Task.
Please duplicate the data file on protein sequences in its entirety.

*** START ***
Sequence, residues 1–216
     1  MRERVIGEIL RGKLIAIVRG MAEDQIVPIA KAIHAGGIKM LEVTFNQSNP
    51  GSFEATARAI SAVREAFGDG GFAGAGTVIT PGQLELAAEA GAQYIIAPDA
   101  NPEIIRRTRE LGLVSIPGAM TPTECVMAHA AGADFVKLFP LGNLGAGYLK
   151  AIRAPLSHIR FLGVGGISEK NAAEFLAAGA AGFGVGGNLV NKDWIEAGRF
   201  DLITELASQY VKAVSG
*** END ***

Sequence, residues 1–216
     1  MRERVIGEIL RGKLIAIVRG MAEDQIVPIA KAIHAGGIKM LEVTFNQSNP
    51  GSFEATARAI SAVREAFGDG GFAGAGTVIT PGQLELAAEA GAQYIIAPDA
   101  NPEIIRRTRE LGLVSIPGAM TPTECVMAHA AGADFVKLFP LGNLGAGYLK
   151  AIRAPLSHIR FLGVGGISEK NAAEFLAAGA AGFGVGGNLV NKDWIEAGRF
   201  DLITELASQY VKAVSG